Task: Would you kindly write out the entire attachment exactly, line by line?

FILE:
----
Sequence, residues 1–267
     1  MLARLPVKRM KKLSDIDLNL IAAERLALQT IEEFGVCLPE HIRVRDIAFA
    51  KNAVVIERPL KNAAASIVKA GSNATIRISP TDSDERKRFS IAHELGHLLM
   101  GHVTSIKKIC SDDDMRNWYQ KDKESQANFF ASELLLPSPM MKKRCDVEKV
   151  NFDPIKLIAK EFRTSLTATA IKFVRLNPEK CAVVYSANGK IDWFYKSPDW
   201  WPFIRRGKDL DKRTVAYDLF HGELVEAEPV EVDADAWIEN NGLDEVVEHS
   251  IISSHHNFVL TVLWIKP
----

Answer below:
Sequence, residues 1–267
     1  MLARLPVKRM KKLSDIDLNL IAAERLALQT IEEFGVCLPE HIRVRDIAFA
    51  KNAVVIERPL KNAAASIVKA GSNATIRISP TDSDERKRFS IAHELGHLLM
   101  GHVTSIKKIC SDDDMRNWYQ KDKESQANFF ASELLLPSPM MKKRCDVEKV
   151  NFDPIKLIAK EFRTSLTATA IKFVRLNPEK CAVVYSANGK IDWFYKSPDW
   201  WPFIRRGKDL DKRTVAYDLF HGELVEAEPV EVDADAWIEN NGLDEVVEHS
   251  IISSHHNFVL TVLWIKP